The best thing about running your own site is that you get to see your own personality leak into it. Even if you want your site to look as professional as possible, even if you want to make a site based only on information, even if you want to have an alternative site, your personality shines through. If it doesn't, make sure it does. Nobody wants to be bored by a robotic ste.

Real Example: NES world vs. NES Nation. Which site is better? If you remember NES Nation, you will undoubtedly say NES Nation. But why? NES World has survived longer, has more information and will likely remain on the internet as long as the webmaster breathes. The answer is: personality. NES World is great for information. But it's kind of boring, isn't it?

9) Bite off more than you can chew
You never know your limits until you push them to the brink. Always try to take on a little bit more than you think you can handle. Offer to help out on other sites, and try to run side projects. Make sure you always have some project that you can afford to pitch. (I failed to have something I could pitch when the paNESian press came along... do what I say, not what I do!) The best way to learn your limits is to go beyond them, and see exactly where everything falls apart. I did exactly this with the paNESian press. I was working harder than I should have. Unfortunately, a very bad experience kept me from continuing on with the newsletter, but it taught me a lot. I could likely run both this site and the paNESian press and write for the NES Triforce and NEScrophilia 2k at the same time. But something would suffer if I did it all, so I stick to running this site, and writing for one other site. Someone else may be able to do more. Or less. It depends on who you are.

Real Example: NES World Wide. NWW was a colaberation of many NES webmasters. In my opinion, NES Mart, I Like NES, NES Dungeon (etc) were better sites made separately by the webmasters behind NWW than NWW itself. Hell, NES Mart was never hacked by a pissed off staffer...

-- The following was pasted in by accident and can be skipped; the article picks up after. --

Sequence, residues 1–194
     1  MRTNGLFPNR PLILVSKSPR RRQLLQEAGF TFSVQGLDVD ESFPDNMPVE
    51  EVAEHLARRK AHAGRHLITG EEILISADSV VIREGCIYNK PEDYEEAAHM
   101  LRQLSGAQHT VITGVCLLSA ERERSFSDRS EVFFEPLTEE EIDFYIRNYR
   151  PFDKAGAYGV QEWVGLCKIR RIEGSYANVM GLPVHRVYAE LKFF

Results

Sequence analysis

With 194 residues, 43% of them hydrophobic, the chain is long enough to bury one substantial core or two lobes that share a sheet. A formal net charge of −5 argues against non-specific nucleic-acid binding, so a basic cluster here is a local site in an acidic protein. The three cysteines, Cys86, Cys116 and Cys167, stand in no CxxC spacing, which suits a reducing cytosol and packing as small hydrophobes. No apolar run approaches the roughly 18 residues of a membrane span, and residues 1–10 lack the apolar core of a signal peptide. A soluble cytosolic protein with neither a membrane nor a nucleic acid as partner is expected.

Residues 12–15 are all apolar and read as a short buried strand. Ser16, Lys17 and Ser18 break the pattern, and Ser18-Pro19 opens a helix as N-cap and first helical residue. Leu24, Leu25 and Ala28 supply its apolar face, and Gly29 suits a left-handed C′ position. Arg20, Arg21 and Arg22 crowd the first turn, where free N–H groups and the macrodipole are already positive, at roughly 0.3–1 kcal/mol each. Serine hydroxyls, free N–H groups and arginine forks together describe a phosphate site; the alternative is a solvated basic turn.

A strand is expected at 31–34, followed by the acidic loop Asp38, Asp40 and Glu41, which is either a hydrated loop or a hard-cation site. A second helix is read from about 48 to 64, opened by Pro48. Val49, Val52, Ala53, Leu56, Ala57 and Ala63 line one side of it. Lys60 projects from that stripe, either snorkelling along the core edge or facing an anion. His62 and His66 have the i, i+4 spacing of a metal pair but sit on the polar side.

10) Make friends
You can have a very good NES page without making a single friend. But, how far do you think you can get without having at least one pal in the NES 'scene' thing? I didn't have any friends here. One day, I e-mailed Quizzle, and was effectively 'discovered' one year after I started. There are sites out there that aren't even one year old that are already more popular than this piece of shit. If you are smarter than me, you'll hang around a bit more than I did, and make some friends. That way your site will get noticed sooner because you can get your friends to tell all of their friends about it. Word of mouth is still the best method of advertisement.

Real Example: Every NES website that came after the first. Think about it.

11) No feedback?
Don't worry. if no one e-mails you, you should assume you are doing a good job. Someone is more likely to send you a 'you fucked up' mail than a 'good job' mail. I might be wrong on this one, but I'm pretty sure no news is better than bad news. Enjoy every praise e-mail you get, and ignore the fact that you don't get any praise if your site gets a lot of visitors. After all, if people keep visiting your site, it must not suck too bad.

Real Example: Personal experience.

12) Sek--shuns?
I get a lot of criticism because I have a lot of sections with very little actual stuff in them. I guess this is because I'm not a fan of maze sites. I can't really stick to writing the same type of thing over and over and over again. So, in stead of making a page labeled "other stuff that doesn't have a place", I just throw it onto the main page. I think things work better that way. I think of my whole site as one big section. NES World is another section. Clay's NES page is another section. See what I mean? If you don't feel like doing something as trivial as keeping your site organized, don't. Think about what this site would look like if I had only major sections for a second... yeah. I'd have about 5 links on my main page, and that would lead to a maze of other pages and stuff. (Just like TSR's page. Whadd'ya know?)

Real Example: Refer to "never listen to anybody".